Jason Jacobs

World Trade Center

He Found His Happiness

Jennifer Jacobs has done her share of crying and praying for her husband Jason, who disappeared in his office at Fiduciary Trust on the 97th floor of 2 World Trade Center.

But now she is mostly trying to celebrate the good times, sifting through memories made with Mr. Jacobs, 32, a man who loved her at first sight, but whom she could initially regard only as nice. The memories are everywhere. In the kitchen of the new home they bought in January, on a quaint little block in Randolph, N.J., she stares at the cookbooks and gourmet magazines that her husband loved more than Monday night football but not nearly as much as his little girl, 13-month-old Zoe. In every room of their home, she remembers watching him strip and paint the walls over and over, promising that they would be perfect.

In the memories, she says, there are only smiles and laughter. "There are no regrets. We had an incredbile relationship. We have this beautiful child. We got the house we wanted and we always said 'I love you,' even that day when he should have been trying to get out, he called to say 'I love you and I love Zoe.'"

"I wish I could spend the rest of my life with him, but I know Jason had already reached all of these great places in his life. Most people, they live their whole lives without ever being that happy."
Profile published in THE NEW YORK TIMES on October 5, 2001.

Jason K. Jacobs, 32, loved family and cooking

Eight years ago today, Jennifer Traiger met Jason K. Jacobs in New York City. It wasn't supposed to be more than a brief encounter; Traiger just wanted to say hi to her brother's friend, someone she had met while she was a senior in high school.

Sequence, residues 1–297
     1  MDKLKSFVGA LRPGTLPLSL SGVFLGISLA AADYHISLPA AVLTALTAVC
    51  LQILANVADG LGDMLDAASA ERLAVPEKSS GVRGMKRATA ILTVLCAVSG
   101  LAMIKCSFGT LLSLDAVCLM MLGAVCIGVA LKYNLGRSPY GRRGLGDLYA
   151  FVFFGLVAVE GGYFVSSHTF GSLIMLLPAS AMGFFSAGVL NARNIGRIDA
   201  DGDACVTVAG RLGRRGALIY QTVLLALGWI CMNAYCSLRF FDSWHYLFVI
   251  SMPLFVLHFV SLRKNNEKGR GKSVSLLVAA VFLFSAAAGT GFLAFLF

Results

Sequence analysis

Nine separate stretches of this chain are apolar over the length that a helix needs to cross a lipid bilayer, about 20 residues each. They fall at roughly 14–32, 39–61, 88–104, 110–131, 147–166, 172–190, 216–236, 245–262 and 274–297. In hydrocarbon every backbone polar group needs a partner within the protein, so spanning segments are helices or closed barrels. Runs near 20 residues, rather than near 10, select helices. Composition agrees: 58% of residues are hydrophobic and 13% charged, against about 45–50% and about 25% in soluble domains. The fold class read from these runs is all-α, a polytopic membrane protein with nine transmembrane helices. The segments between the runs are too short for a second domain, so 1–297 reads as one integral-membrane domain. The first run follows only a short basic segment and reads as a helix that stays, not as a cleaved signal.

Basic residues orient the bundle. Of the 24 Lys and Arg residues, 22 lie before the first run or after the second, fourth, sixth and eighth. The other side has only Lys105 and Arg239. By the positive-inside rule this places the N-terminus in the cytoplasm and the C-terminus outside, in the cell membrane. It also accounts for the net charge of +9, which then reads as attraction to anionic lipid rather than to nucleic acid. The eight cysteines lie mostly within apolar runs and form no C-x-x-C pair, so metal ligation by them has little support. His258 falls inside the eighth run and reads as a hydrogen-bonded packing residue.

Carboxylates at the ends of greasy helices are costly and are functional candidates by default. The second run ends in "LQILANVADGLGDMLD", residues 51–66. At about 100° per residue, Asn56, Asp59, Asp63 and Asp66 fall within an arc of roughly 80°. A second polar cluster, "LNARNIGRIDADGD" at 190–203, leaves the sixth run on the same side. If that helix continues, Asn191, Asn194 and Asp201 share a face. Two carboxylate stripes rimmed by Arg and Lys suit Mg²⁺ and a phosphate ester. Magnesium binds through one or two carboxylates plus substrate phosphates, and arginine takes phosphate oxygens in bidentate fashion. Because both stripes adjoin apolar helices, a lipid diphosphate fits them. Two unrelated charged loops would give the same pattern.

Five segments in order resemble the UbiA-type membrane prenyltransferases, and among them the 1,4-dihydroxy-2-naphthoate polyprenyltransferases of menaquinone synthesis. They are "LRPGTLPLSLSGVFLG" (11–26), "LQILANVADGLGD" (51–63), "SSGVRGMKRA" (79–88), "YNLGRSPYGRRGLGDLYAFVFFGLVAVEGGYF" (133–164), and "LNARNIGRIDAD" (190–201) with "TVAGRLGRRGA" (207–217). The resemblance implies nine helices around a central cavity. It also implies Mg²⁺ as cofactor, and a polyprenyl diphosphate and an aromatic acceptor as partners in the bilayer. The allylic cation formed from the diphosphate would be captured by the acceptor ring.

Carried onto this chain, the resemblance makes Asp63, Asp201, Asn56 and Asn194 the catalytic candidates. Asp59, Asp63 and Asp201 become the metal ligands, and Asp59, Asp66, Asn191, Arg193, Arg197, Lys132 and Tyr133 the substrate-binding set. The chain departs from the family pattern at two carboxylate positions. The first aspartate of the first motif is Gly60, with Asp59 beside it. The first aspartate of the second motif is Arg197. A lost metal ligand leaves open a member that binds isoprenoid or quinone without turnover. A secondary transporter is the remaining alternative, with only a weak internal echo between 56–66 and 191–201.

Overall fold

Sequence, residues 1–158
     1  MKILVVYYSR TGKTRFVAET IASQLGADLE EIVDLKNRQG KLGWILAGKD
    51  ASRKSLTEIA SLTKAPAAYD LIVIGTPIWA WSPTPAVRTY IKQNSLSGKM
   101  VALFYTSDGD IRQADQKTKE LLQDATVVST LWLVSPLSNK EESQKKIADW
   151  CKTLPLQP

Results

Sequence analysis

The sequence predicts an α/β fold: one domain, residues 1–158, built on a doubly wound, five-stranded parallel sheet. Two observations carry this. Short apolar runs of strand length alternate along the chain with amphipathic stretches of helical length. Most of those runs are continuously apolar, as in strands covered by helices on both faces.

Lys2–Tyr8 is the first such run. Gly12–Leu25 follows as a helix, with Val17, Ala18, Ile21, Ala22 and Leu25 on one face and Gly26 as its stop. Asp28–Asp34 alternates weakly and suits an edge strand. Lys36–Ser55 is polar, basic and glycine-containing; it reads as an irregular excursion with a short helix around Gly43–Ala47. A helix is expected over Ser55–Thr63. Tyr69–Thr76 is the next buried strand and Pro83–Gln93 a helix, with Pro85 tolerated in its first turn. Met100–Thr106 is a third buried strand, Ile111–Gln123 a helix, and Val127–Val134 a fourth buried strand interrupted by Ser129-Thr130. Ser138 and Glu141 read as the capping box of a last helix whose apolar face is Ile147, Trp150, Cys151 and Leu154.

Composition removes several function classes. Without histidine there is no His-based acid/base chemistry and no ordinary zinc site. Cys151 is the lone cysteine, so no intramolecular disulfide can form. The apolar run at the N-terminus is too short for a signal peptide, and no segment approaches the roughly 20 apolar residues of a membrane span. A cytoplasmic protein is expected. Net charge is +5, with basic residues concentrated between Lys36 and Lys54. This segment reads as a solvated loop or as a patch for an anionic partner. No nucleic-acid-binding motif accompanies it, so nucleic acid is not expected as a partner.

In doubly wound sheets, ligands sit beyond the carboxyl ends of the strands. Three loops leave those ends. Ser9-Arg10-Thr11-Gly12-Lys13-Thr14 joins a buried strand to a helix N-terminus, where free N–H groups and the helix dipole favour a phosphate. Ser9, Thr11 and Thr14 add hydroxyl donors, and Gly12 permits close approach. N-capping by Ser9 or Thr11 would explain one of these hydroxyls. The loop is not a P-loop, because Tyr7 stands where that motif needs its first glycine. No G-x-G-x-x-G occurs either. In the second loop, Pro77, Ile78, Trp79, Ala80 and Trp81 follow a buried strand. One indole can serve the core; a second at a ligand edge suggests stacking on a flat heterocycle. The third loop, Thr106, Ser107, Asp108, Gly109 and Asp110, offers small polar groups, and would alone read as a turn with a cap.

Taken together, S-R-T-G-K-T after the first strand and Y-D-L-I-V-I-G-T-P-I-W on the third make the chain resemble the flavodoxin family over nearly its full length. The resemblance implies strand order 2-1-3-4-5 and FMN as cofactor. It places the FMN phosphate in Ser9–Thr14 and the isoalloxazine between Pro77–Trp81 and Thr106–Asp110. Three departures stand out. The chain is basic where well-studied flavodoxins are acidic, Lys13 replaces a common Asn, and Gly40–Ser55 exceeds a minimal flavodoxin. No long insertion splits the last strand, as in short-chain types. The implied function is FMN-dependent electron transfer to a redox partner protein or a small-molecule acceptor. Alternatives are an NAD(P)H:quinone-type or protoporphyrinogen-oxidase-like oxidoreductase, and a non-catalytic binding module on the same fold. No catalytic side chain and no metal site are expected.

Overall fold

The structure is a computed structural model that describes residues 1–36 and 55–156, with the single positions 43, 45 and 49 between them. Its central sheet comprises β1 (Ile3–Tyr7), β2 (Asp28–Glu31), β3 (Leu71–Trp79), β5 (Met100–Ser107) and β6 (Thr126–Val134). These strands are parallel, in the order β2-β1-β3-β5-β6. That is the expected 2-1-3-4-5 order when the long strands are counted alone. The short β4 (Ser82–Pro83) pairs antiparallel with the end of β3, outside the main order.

"We walked and talked for 10 hours," she fondly recalled. "Walked through the village, had dinner."

Two days later, Mr. Jacobs sent her a dozen roses with a note that read, "Just for being you."

Three years later, they married.

"We connected from Day One," Jennifer Jacobs said. "We had common values and goals. We were always in sync."

On the morning of Sept. 11, Mr. Jacobs, a business partner at Fiduciary Trust Co., called his wife from his 97th-floor office in the World Trade Center's South Tower.

"He sounded funny," Jennifer Jacobs recalled. "It was early. I thought maybe the car had broken down. He said a plane hit the World Trade Center, but it was the other building. He said if I saw it on TV, not to worry.

"I turned on the TV. Then all of a sudden his building explodes. I was hysterical. I ran to the phone to call him. There was no answer."

Mr. Jacobs and his wife lived in Randolph, where he was born. They had a 14-month-old daughter, Zoe.

"He loved her so much; I can't even describe how much he loved her," Jennifer Jacobs said. "She was his little buddy. I brought her into (his office) one day. Several of his (colleagues) said, 'Now we know why he goes running out of here at 6 o'clock.'"

The two were born the same year, just 11 days apart. On their honeymoon, they spent two weeks in the Greek Islands. One day, the couple bought a marble chess set; the pieces were Greek gods and goddesses. The two ended up lugging the chess set back to their hotel "on a tiny moped with an itty bitty light in the dark, on this cliff," she recalled, laughing.

She described her husband as "very hard-working, very professional," yet someone who was "laid back, funny" at home. Mr. Jacobs -- with his freckles, he looked much younger than 32 -- took pride in his cooking, and subscribed to many food and cooking magazines.

"He would read them cover to cover," she said. "He'd read them on the train. His briefcase was heavy, but it wasn't always from work!"

One of his favorite dishes was filet mignon in a red wine-mushroom sauce wrapped in pastry dough, served with a carrot and potato purée.

There was one side dish he never got tired of making, Jennifer Jacobs said. He would take a tomato, make a rose out of it, and place it on his wife's plate.

Profile by Peter Genovese published in THE STAR-LEDGER.

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